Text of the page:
With striking speed, the United Kingdom has become the first country to approve a COVID-19 vaccine that has been tested in a large clinical trial. On 2 December, UK regulators granted emergency-use authorization to a vaccine from drug firms Pfizer and BioNTech, just seven months after the start of clinical trials. British front-line health-care workers, as well as care-home staff and residents, could receive their first doses next week.
China and Russia had approved vaccines already, but before they’d completed the final round of tests in people. Regulators in the United States and Europe are expected to issue their decisions in the coming weeks.
Tests on more than 43,000 people have shown that the Pfizer vaccine is 95% effective at preventing disease when measured a week after its second dose, the New York City-based firm said in November when it and BioNTech, in Mainz, Germany, submitted a request for emergency approval to the US Food and Drug Administration. The UK approval is based on data from only 170 infections, and real-world efficacy might be lower than in a trial, but it is still an extraordinarily promising result, says immunologist Danny Altmann of Imperial College London: “This is brilliant news.”
The approval is a historic moment. But scientists still have many questions about how this and other vaccines will perform as they’re rolled out to millions of people.
Do the vaccines prevent transmission of COVID-19?
In addition to the Pfizer vaccine, regulators are poring over data from another similar vaccine made by Moderna of Cambridge, Massachusetts, and a third vaccine produced by AstraZeneca of Cambridge, UK, and the University of Oxford, UK. All three of these vaccines have been tested in large clinical trials, and have shown promise in preventing disease symptoms.
But none has demonstrated that it prevents infection altogether, or reduces the spread of disease in a population. This leaves open the chance that those who are vaccinated could remain susceptible to asymptomatic infection — and could transmit that infection to others who remain vulnerable. “In the worst case scenario, you have people walking around feeling fine, but shedding virus everywhere,” says virologist Stephen Griffin of the University of Leeds, UK.
Pfizer has said that its scientists are looking at ways to assess disease transmission in future studies. For now, AstraZeneca and the University of Oxford may be able to provide the first hints as to whether a vaccine can protect against such transmission. Although they have yet to publish complete results, their trial did test participants routinely for SARS-CoV-2, allowing investigators to pick up on asymptomatic infections. Early indications are that the vaccine may have reduced the frequency of such infections. That would suggest that disease transmission might also be reduced.
How long will vaccine-induced immunity last?
There is no quick way to determine how long immunity to the SARS-CoV-2 virus will last, and researchers will need to monitor this closely in the coming months and years.
There have been some reports of reinfection and falling antibody levels months after an initial bout of COVID-19, but it is still unclear how prevalent reinfection is. And there are signs that the immune system preserves a memory of coronavirus infection in the form of specialized memory cells that could kick into action rapidly if the virus is encountered again. And vaccines, Altmann says, are deliberately designed to provoke strong responses from the immune system.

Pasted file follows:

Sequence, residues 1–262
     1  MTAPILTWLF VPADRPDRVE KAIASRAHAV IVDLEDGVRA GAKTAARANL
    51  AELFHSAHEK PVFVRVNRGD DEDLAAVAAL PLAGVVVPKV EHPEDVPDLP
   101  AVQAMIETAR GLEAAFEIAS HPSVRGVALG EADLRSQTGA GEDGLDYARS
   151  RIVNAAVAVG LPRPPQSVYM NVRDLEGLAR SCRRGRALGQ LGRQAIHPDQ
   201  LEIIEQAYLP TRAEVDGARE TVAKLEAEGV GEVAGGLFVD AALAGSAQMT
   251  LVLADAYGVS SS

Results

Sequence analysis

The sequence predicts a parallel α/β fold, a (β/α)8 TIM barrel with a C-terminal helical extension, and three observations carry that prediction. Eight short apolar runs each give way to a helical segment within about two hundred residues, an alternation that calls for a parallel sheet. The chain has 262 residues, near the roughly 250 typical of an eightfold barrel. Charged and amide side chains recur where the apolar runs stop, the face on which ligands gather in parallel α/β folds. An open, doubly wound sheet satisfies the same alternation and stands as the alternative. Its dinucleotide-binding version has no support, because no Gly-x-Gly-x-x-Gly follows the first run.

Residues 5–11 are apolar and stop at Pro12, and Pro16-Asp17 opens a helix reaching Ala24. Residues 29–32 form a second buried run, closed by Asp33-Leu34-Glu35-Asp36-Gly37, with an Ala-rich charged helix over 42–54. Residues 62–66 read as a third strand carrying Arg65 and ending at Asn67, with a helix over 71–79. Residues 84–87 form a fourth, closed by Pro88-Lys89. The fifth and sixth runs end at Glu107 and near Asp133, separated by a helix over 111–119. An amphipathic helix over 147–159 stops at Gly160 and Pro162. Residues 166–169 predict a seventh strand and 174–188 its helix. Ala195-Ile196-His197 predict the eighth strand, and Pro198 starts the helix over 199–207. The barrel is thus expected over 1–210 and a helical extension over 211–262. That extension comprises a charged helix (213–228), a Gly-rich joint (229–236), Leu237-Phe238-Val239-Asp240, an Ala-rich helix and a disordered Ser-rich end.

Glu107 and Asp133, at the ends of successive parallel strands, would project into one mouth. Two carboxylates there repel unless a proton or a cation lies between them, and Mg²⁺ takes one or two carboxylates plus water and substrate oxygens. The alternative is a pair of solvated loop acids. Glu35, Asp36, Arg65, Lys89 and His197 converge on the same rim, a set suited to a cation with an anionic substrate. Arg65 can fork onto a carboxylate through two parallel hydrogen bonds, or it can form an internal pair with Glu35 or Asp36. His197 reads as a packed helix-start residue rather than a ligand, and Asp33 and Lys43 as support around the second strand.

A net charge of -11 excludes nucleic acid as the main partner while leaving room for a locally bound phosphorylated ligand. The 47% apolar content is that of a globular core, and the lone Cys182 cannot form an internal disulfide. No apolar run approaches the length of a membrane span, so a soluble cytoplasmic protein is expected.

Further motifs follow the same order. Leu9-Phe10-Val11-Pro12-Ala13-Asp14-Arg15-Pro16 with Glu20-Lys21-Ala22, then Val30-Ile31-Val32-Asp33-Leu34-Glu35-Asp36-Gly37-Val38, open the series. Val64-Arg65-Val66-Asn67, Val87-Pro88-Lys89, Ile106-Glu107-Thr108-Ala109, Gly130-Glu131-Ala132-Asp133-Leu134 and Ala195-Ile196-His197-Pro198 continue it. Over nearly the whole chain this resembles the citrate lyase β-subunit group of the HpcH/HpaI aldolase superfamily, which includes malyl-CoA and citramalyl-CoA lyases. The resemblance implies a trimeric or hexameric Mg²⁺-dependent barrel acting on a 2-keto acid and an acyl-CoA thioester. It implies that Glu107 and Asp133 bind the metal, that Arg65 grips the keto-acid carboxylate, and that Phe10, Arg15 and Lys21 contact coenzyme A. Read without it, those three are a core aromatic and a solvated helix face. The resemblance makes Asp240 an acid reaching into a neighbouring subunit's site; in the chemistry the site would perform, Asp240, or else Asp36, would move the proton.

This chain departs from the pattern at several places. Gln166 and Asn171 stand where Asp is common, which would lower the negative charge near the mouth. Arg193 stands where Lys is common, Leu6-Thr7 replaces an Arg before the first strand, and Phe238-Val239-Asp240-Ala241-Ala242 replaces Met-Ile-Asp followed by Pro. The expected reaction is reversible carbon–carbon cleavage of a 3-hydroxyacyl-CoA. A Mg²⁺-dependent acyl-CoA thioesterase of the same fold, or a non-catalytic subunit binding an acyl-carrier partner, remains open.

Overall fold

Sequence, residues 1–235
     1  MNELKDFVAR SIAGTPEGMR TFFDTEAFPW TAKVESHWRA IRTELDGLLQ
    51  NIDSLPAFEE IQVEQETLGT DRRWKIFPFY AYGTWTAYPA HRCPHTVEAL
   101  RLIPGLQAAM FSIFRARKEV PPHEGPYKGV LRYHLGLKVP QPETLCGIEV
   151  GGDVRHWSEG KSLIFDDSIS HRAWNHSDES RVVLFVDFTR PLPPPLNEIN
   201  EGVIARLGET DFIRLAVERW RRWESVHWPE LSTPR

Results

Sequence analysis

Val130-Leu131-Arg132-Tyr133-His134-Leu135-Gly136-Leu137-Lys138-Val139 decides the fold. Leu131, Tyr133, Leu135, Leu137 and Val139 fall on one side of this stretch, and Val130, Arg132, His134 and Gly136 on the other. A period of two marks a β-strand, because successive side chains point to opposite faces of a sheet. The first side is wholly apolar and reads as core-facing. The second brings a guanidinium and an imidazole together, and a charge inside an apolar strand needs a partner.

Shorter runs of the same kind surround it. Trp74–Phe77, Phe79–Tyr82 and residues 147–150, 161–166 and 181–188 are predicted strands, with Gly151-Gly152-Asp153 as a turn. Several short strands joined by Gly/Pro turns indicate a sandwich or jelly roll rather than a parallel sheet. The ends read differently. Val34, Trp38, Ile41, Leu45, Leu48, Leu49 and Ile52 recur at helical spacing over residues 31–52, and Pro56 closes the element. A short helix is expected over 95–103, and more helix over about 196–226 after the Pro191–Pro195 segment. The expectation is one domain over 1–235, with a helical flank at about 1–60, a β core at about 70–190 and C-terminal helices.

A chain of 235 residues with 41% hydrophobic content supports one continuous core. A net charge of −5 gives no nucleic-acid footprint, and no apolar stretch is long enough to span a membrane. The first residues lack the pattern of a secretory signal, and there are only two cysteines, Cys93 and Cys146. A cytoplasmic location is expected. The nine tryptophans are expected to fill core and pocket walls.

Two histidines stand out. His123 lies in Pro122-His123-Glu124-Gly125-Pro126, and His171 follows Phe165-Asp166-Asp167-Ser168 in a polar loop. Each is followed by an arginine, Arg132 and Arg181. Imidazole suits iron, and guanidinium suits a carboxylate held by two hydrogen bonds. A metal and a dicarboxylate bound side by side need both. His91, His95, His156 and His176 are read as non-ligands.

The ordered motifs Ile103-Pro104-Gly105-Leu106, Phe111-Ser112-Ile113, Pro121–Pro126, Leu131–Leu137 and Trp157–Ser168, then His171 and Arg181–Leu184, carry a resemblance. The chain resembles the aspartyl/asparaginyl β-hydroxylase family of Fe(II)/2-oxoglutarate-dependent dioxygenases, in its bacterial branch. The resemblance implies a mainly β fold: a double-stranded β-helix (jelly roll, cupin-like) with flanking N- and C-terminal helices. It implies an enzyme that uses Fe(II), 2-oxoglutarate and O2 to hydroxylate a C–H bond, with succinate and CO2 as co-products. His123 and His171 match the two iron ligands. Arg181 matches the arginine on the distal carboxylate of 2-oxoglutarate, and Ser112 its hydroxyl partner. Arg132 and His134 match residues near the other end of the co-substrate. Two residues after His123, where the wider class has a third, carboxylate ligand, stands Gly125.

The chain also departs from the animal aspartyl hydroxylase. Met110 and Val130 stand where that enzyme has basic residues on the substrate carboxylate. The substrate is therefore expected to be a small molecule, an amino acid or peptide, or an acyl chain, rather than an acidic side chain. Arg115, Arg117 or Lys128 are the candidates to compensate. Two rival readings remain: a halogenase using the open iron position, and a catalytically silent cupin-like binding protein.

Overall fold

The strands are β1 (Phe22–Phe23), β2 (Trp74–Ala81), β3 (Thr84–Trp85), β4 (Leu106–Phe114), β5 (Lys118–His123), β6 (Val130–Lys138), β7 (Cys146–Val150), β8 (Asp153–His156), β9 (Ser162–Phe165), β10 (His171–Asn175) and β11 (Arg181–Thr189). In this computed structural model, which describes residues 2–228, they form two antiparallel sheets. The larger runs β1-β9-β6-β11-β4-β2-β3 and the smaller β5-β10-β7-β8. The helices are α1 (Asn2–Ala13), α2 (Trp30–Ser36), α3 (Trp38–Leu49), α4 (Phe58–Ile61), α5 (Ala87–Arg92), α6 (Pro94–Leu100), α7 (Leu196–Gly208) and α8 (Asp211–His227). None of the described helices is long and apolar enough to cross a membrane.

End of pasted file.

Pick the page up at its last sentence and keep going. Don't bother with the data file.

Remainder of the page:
Still, it will be important for public health officials to monitor immunity – and to know when it begins to wane. One way to do that, in addition to keeping track of infections among people who have received the shots, is to periodically assess levels of antibodies and immune cells.Tracking the kinetics of these immune responses could give an early indication of when they are waning to worrisome levels, says Altmann. But the wide variation in people’s immune responses could make it a challenge to work out the circumstances in which a vaccine doesn’t work, and such studies will need to track many people. “You need to have a good stab at some high-level population analysis to work out whether you’re winning or losing,” says Altmann. “Otherwise, you might be a government kidding yourself in years’ time.”
How well do the vaccines work in groups such as old people and children?
The major vaccine trials to date have enrolled tens of thousands of people, but their conclusions about effectiveness are drawn from infections in fewer than 200 of them. As a result, it can be difficult to break up that data into different groups — such as people who are obese or elderly — without losing statistical power. “We need to see more data in terms of effects of vaccines across different demographics,” says Michael Head, an infectious disease researcher at the University of Southampton, UK.
There are early indications that the three leading vaccines may protect people over 65. But it will likely require real-world data from large numbers of vaccinated people before researchers can achieve the demographic granularity needed to ensure that parts of the population aren’t left unprotected.
There is no data yet on how the vaccine fares in children and pregnant women. Such trials often lag behind tests in other groups of people, to ensure that as much safety data as possible has been collected before those studies begin. On 2 December, Moderna unveiled plans to test its vaccine in children.
How do the vaccines stack up against each other?
All three leading vaccines have probably beaten the goal of achieving 50% efficacy, and all look to be safe, based on the clinical trial data so far. But there might be differences in how well they work, and in which contexts, that could shape the course of the pandemic.